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Pin dish with Maori impression, marked chm

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Post  Jeremy Ashford on Sun 2 Apr - 10:50

Pin dish with Maori impression, marked chm maybe.
Pin dish with Maori impression, marked chm Maori10
10cm at longest

Joss gave me this on Friday. Bought from the Blockhouse Bay antique market.

The inscribed mark could be chm, or clm, or cm etc.

I showed this to Tim Caulton on Saturday and he had no ideas of maker or age.
I thought the colour indicate earthenware but Tim raised the possibility of stoneware.
.
Jeremy Ashford
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Post  teaandcoffee on Sun 2 Apr - 20:40

I do have an unproven hypothesis about this mysterious type of ware which pops up occasionally.

It is quite distinctive and of New Zealand studio origin, but almost entirely without documentary literature.

Its characteristics are:
- Red to orange clay petrofabric that appears on first impression to be earthenware, but on closer inspection is quite high fired - tending towards stoneware
- The appearance of having been fired in an electric kiln
- Industrial glazes all in the same family (don't know the technical term) - made up of opaque white and either green, or blue
- Etched, stamped or excavated pictorial decoration, often with Maori or rock art 'primitivist' themes

In art historical terms, they look to my eye to be early to mid 1950s. This is somewhat supported by the forms these currently undocumented potters chose to use, which are usually in those 1950s biomorphic/amoebic/kidney sort of shapes.

My hypothesis is that it is this modest ware, out of which might have developed a popular, more design-led New Zealand ceramic modernism had the Leech/Cardew/Hamada Anglo-Orientalist philosophy not seized the craft pottery movement with such vigour in the wake of the 1957 establishment of the New Zealand Pottery magazine. This moment in the development of decorative and utilitarian ceramics in this country never found its way into the literature. Quite simply, it preceded its advent.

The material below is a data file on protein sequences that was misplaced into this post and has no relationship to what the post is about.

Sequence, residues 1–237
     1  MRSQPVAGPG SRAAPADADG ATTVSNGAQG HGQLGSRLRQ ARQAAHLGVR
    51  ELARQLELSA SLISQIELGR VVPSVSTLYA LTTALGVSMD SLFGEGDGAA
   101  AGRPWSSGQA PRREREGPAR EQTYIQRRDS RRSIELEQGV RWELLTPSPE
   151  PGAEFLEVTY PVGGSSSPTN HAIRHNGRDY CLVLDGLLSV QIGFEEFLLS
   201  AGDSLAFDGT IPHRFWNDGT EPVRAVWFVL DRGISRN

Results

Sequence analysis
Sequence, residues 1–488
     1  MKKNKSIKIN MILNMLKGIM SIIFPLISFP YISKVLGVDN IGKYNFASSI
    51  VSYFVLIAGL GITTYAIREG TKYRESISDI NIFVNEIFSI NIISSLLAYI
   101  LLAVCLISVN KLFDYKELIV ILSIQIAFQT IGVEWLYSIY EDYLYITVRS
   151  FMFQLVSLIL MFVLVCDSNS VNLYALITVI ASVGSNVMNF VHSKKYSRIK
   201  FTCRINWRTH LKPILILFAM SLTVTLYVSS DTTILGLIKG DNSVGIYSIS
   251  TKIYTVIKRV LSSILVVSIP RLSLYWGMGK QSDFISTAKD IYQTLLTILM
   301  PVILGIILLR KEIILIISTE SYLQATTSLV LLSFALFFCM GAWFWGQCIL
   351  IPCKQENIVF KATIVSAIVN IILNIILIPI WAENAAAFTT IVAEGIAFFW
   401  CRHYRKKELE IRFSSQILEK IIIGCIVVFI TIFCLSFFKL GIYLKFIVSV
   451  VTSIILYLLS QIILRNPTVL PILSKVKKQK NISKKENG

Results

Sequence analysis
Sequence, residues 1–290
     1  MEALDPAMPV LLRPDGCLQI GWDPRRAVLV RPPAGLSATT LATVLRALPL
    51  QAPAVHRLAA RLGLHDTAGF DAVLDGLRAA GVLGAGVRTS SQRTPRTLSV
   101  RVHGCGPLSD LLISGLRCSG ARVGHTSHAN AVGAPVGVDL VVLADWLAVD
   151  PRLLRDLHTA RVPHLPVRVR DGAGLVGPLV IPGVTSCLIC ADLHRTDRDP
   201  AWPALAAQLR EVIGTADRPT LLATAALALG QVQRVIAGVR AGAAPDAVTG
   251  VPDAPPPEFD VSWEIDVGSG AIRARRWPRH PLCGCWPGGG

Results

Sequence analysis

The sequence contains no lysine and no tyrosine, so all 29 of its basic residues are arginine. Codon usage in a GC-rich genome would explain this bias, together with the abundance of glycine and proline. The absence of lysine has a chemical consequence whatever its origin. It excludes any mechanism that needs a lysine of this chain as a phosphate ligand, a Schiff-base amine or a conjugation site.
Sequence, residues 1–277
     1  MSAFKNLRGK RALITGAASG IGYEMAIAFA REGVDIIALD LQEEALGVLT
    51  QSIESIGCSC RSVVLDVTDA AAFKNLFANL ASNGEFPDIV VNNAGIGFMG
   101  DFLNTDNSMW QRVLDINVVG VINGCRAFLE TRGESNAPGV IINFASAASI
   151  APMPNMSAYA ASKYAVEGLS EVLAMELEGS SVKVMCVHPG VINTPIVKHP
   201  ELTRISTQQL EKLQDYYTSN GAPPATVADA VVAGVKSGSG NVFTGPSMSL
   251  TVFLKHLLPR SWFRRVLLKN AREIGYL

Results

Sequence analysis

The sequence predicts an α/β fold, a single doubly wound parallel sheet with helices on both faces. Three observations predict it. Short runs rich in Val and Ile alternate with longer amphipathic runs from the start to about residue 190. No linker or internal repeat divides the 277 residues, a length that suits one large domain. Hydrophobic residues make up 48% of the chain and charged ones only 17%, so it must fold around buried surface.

Some potters who used these sorts of glazes in the 1950s include Ina Arthur and Doris Lusk/Holland.

What I think we may be seeing in these objects are harbingers of an epoch that never really dawned in New Zealand; a future which may have led to there being more Roy Cowans in the 1960s and 70s and somewhat fewer Barry Brickells, Peter Stichburys and Patricia Perrins (in her later years). I am happy to hear contrary thoughts...


Last edited by teaandcoffee on Mon 3 Apr - 13:19; edited 3 times in total

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Post  Ev on Sun 2 Apr - 21:05

I may have seen a similar figure somewhere before, or perhaps I've seen that koruru face on our 10 cent coin more than once ...?
It is possible that the letters are dm.
Ev
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Post  Jeremy Ashford on Mon 3 Apr - 8:58

Thank you teaandcoffee for a wonderful would-be history lesson.
It sounds as though Tim may have had similar ideas but did not form such a clear picture for me. I'm excited and I'm sure Joss will be too when I tell him.

I have seen random pieces of pottery with similar kind of impressions pass through trademe and have considered buying but not known what to make of them. They haven't moved particularly fast or reached even modest prices.

Thanks Ev for showing the similarity to the ten cent piece.

And yes I guess the mark could be "dm". The photo probably shows as much as I can see with my naked eye (right eye focuses to about three inches) which is that the top of the "c" gets as close to the upright as it possibly can without actually touching it, while the lower end completely misses.

I hope we get to see some more of this work here to get a stronger idea of this body of work. I will continue to show it around.
.
Jeremy Ashford
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